Canon EOS 7D vs Canon EOS 60D: Design
Although looking good isn’t a huge concern for DSLRs, the layout and functionality of the EOS 7D and EOS 60D are hugely important.
Canon EOS 60D
The design and build of the Canon EOS 60D has changed quite significantly from the 50D. Because of this it fits more naturally between the 550D and 7D. To start with, the body is made from aluminum and polycarbonate resin with glass fibre, as opposed to the magnesium alloy seen on the 7D and the previous 50D.
This has been a bit of a sticking point for EOS users, as it means that the body is lighter and not quite as rugged. Yet, in the hand it still feels very solid and actually has better waterproofing than the old 50D.
The mode dial has added a locking button, which requires you to press and hold the button to allow it to turn. This is to stop the dial accidentally moving but is not a problem I had ever come across and the new dial takes some getting used to.
On the rear the biggest change is the vari-angle nature of the screen. This does mean that the screen can be stored facing the camera for protection and having the ability to use the screen at extreme angles is very handy for shots with live view, and for tripod use.
Most of the functions can be controlled from the dual d-pad/dial; rotated, pressed around its edges, or the centre button pushed. Though this is a clever use of space it does seem to be trying to do too much and operation can be a little tricky because of it.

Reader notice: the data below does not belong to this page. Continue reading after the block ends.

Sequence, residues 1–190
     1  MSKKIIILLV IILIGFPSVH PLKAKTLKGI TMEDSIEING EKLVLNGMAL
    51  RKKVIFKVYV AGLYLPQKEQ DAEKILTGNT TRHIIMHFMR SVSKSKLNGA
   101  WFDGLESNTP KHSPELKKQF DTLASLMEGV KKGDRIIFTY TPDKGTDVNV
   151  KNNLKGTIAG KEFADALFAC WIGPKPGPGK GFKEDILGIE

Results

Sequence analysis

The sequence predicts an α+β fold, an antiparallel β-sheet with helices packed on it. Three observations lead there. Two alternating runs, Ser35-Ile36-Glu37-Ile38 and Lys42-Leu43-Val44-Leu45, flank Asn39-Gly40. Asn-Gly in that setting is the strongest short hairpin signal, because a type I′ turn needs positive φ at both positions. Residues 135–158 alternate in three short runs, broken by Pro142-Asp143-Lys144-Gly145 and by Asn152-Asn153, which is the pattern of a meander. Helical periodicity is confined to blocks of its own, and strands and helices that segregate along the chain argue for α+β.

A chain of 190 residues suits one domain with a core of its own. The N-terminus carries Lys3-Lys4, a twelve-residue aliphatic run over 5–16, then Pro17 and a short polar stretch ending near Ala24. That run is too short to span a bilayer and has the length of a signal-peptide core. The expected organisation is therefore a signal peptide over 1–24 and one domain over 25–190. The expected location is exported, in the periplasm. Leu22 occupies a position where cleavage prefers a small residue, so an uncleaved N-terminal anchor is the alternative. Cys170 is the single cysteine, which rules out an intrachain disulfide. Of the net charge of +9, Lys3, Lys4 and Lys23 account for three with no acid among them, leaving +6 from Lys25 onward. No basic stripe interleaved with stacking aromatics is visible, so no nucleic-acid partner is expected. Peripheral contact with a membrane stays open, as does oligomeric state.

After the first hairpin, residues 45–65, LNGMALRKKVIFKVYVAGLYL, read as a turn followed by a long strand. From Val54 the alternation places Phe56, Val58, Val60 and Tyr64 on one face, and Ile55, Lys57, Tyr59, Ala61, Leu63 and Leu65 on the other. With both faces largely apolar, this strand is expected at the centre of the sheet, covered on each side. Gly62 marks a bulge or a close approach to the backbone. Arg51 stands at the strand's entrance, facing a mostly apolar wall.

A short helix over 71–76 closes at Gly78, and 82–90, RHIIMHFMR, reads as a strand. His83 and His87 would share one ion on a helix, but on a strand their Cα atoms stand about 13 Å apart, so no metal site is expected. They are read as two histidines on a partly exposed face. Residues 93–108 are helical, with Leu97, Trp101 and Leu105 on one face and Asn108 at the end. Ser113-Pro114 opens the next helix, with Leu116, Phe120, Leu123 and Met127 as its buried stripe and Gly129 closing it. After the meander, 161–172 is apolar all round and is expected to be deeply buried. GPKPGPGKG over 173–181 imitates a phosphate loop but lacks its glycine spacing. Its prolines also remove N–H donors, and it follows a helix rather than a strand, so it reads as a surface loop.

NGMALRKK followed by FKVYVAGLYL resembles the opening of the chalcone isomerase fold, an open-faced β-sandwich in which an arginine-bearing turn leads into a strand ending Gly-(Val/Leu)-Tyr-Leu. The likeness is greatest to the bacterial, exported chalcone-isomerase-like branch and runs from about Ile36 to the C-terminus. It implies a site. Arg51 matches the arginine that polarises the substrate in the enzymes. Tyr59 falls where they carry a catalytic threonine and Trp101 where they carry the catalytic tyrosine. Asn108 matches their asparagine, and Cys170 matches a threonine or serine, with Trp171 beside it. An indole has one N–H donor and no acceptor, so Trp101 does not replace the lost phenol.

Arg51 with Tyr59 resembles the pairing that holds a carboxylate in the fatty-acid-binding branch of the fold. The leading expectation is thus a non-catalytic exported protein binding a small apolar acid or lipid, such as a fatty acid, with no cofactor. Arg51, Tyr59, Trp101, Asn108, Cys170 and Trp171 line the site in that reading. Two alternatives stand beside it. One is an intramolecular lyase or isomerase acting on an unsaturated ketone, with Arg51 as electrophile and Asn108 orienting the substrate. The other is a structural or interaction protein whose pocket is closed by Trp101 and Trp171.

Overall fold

The rotation does have an auto locking facility too, which, when enabled, is released by a button below it. The power switch has been moved to the top left and more angular Menu, Info and Quick menu buttons sit above the d-pad controller.
The camera feels modern in its design and, though heavily consumer-oriented in its buttons and layout, remains a solid and well built unit, with only slight nuisances in the mode and rear dial.
Overall Score; 19/20
Canon EOS 7D
The body is made from a rugged magnesium alloy structure and weather sealing on a par with the professional EOS 1n film SLR, making it feel very sturdy. Buttons are plentiful but useful and well spaced to avoid accidental presses, with the large rotating dial featuring a lock function.
The new live view button sits just neatly to the left of the thumb’s natural position, with a start/stop button and a switch between the two modes. Other additions include a Quick button for access to the main feature set and a Raw/JPEG button, which adds dual format to the next shot, no matter which you are currently shooting in.
The rest is reminiscent of the 5D Mk II and therefore already a proven success. The menu is divided into colour-coded icon-based sections, which can be scrolled through using the mini joystick control or the finger dial and large rear dial.
The camera seems designed to be fine-tuned and customised to your own style of shooting. At first this can seem a little like overkill, but for extended use and those used to working in set ways, does make a great deal of sense.
The one criticism is that, with so many menus and option screens, finding the function you’re looking for can be tricky, and until you get to know how it works you may find yourself experimenting with button combinations and having to scour sub-menus.
Overall Score; 19/20
Although the EOS 60D has some impressive attributes the locking mode dial is annoying more than useful, where as the EOS 7D keeps things simple.